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Old 12-30-2008, 05:17 PM
 
Location: Somewhere in northern Alabama
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Originally Posted by Brian.Pearson View Post
Another thing is that the FCC mandates that daytime stations power town, presumably so weaker stations can operate. I get the feeling that this regulation is a little too sweeping.
No, it actually makes a lot of sense. My father used to build and run radio stations. I remember many a trip around the countryside with him taking field strength meter readings for one station. That station had a directional array, meaning that the signal was allowed by the FCC to go farther in directions where it would not interfere with other stations. 50K watts during the daytime covers about the same area as 10K watts at night (with a whole lot of technical caveats and such).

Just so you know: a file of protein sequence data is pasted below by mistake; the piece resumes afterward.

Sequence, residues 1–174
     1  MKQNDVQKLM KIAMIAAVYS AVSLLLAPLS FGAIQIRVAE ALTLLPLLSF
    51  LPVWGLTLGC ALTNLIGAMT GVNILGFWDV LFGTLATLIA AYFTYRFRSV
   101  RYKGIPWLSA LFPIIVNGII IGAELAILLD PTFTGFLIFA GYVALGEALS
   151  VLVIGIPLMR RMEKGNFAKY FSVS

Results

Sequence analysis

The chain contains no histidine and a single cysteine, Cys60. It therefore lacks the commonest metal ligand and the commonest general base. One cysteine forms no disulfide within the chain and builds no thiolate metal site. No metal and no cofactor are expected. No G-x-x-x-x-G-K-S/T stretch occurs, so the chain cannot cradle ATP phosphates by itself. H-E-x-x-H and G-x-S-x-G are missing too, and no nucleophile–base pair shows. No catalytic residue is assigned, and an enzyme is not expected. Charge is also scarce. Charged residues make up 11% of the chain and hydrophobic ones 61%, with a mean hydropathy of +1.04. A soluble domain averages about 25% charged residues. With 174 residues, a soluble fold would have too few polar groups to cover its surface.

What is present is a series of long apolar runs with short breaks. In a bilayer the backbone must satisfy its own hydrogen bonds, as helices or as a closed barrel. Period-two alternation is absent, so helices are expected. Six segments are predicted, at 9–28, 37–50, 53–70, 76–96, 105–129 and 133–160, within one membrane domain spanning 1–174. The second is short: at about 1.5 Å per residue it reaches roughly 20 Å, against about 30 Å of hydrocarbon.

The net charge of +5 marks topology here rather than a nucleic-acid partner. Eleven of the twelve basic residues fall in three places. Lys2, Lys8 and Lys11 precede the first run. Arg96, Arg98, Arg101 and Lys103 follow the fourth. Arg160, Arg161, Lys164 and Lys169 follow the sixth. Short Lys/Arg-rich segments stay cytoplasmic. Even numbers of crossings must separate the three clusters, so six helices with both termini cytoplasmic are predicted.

Part of the problem is that skip is not consistent. A skip of 500 miles might happen easily one night, and the next night be a dud. The opening up of the FM band and different type of circuitry eliminated a lot of the problems for new stations, but the AM band sits where this will always be an issue. Radio wave propagation is a science in itself.
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Old 12-30-2008, 05:39 PM
 
Location: Texas
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Maybe someday they'll figure out how everybody can get the radio they want. I know some of it is on the Internet.

If I'm driving between Amarillo and Lubbock (about 125 miles apart) at night, I get hardly anything on my car radio.

But occasionally, I do hear a station in the Dallas/Ft Worth area (actually coming from Arlington) when conditions are just right.